Explains Senator Laura Ebke in her fun fact of the day: "Nebraska has had two official state names: the "Tree Planters' State" and the "Cornhusker State" Nebraska was designated the "Tree Planters' State" by legislative action in 1895. Nebraska's claim to tree-planting fame includes the founding of Arbor Day in 1872 by J. Sterling Morton of Nebraska City, the Timber Culture Act of U.S. Sen. Phineas W. Hitchcock in 1873 and the millions of trees planted by early settlers as windbreaks, woodlots and orchards. The 1945 Legislature changed the official state name to the "Cornhusker State.""
Freedom means progress, thus freedom means an environment more adequate to humankind - and there cannot be any other standard for judging environmental quality.
Pierre Desrochers reminds us:
Last month [written in November, 2006] our southern neighbours welcomed the arrival (or birth) of their three-hundredth million citizen. While the news should have been welcomed, a number of environmental activists and journalists viewed it as cause for concern. They had no reasons to, because a rising population in a prosperous economy is entirely consistent with a higher quality of life and improved environmental amenities. As Dan Griswold of the Cato Institute pointed out, even though the U.S. population is today four times larger than it was a century ago, during this time period "life expectancy at birth has grown from 48 to 78 years, infant mortality rates have plunged, a host of deadly diseases have been conquered, and the air we breathe and the water we drink are far cleaner than when we were a less populous country."
The idea that economic growth generates pollution problems, but simultaneously provides the means to clean up most of them and even to improve on earlier conditions, is probably too counterintuitive to be readily accepted by most people. It is nonetheless backed up by much historical evidence. A brief discussion of the causes underlying forest regrowth and improvements in air and water quality in advanced economies can be illustrative in this respect.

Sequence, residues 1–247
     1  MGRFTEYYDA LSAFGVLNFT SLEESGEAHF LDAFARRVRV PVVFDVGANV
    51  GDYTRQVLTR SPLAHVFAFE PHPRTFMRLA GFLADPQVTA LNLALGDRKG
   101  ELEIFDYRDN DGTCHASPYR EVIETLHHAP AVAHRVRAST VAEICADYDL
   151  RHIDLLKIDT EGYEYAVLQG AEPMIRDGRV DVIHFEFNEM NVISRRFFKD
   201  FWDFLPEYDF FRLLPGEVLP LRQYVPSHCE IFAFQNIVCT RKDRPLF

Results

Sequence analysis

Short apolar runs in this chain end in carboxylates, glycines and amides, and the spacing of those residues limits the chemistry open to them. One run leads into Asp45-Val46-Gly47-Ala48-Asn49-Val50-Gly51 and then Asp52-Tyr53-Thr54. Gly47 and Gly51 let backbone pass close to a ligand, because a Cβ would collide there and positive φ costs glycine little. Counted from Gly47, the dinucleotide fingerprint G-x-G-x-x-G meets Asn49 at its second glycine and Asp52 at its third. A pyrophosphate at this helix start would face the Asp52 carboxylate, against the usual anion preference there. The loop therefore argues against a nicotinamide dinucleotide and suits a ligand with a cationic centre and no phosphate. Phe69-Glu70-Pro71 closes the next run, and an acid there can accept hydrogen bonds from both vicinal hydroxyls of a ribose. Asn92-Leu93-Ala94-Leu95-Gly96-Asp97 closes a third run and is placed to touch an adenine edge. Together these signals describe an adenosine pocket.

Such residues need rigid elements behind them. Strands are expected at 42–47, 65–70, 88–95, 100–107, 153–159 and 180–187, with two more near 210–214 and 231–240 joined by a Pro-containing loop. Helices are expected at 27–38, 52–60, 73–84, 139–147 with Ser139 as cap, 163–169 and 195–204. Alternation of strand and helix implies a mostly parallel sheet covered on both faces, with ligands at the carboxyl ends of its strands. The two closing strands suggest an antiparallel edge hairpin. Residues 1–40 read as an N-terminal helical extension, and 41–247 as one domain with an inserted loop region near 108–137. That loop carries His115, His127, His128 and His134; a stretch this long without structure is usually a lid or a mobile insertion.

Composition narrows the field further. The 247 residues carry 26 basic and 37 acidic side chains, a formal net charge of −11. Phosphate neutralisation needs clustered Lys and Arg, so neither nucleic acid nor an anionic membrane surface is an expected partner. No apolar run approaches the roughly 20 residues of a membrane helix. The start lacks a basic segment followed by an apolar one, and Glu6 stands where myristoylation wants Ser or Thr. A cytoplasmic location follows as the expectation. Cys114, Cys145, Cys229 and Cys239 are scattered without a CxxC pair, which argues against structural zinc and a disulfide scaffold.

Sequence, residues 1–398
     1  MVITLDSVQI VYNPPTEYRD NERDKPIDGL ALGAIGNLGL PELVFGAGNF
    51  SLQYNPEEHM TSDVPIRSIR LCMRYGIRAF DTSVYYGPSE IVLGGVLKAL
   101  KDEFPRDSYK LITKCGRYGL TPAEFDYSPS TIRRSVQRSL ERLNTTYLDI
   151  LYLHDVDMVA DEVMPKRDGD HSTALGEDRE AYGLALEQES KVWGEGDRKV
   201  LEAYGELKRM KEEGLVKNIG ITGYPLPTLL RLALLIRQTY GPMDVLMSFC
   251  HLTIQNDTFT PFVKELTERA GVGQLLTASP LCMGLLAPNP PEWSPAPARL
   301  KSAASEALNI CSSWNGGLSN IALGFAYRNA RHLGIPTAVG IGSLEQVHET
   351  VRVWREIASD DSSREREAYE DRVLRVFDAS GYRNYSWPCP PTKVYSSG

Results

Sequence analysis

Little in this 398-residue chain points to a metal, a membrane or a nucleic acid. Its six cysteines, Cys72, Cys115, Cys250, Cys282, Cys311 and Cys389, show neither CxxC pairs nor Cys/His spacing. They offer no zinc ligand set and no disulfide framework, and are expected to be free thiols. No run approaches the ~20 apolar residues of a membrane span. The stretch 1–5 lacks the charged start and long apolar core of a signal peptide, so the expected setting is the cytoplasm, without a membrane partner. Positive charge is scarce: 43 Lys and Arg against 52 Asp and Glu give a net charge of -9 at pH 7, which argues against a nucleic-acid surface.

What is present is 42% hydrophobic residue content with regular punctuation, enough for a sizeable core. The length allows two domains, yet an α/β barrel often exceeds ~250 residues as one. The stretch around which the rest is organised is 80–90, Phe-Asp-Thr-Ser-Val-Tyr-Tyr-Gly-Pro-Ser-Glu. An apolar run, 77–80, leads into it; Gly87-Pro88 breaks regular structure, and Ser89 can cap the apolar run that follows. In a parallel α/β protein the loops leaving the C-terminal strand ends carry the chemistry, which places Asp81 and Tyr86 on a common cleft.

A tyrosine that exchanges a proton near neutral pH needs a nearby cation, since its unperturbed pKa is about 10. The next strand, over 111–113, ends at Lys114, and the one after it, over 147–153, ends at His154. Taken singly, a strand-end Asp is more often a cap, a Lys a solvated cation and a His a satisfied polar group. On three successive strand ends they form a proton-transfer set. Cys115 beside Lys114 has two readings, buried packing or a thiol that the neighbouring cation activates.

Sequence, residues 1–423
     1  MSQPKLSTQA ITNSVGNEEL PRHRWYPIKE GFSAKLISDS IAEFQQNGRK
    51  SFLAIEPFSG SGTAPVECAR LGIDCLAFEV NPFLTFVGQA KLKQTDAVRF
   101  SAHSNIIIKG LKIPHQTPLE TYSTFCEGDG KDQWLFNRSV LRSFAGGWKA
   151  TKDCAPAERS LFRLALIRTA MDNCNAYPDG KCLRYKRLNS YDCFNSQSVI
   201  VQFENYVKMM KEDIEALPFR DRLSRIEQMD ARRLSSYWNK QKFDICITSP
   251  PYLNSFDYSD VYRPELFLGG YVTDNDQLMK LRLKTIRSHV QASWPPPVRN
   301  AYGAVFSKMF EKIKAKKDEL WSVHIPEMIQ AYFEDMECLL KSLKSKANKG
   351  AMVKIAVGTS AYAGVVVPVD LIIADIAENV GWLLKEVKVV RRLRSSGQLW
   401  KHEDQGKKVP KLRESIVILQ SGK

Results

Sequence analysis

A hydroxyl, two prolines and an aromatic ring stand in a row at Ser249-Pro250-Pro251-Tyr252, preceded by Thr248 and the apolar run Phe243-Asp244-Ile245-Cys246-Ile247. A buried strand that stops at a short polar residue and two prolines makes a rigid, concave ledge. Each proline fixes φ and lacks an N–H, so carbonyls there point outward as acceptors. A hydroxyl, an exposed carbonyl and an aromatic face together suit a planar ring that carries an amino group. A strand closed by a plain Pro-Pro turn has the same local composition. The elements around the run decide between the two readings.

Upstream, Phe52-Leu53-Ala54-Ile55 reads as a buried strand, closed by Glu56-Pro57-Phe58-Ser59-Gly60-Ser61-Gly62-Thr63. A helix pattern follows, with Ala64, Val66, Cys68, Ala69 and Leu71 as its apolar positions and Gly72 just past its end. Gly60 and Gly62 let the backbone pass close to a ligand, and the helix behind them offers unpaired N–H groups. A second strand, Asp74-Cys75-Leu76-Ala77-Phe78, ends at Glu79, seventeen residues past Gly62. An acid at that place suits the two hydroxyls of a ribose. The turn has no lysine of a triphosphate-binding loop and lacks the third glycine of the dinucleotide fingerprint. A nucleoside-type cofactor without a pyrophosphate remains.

Take, for instance, the case of forest cover:
It is a common misconception that deforestation is a recent occurrence, with the bulk of it taking place in the tropical regions of the world in the last five decades. As Williams (2002) points out, possibly as much as nine-tenths of all deforestation occurred before 1950, as people cleared forests for shelter, food, warmth and to create a multitude of implements. Beginning in some European countries in the middle of the nineteenth century, however, these trends have long been reversed in virtually all advanced economies and in some developing economies (including China and India). Among other factors explaining this rebirth of forests in over fifty countries is the fact that farmers and foresters became increasingly efficient in their capacity to grow more food and fiber on ever-decreasing areas, with the resulting abandonment of pasture and cropland paving the way to afforestation and reforestation.
Meanwhile, wood users became increasingly adept at extracting more value out of their input, while development of substitute products, ranging from electricity to plastics and metals, reduced the demand for wood (Ausubel, 2000; Williams, 1989). Rudel et al. (2004) also point out that economic development and urbanization has created better paying non-farming jobs in urban areas, causing a number of agricultural workers to abandon their land. In places with stable or growing populations and little ability to import forest products, continued declines in forest cover spur increases in prices of forest products, causing landowners to plant trees instead of crops or pasture grasses. Disastrous floods in deforested watersheds have also motivated government officials in developing, but now prosperous, countries to implement reforestation programs.
Make sure to read the entire short piece.
See also Desrochers' Free Market Ways to Solve Environmental Problems, Millions from Waste - How Capitalism Saves the Environment, and Liberty's Vacant Preserve - the Environment, When Economists Were Still Economists.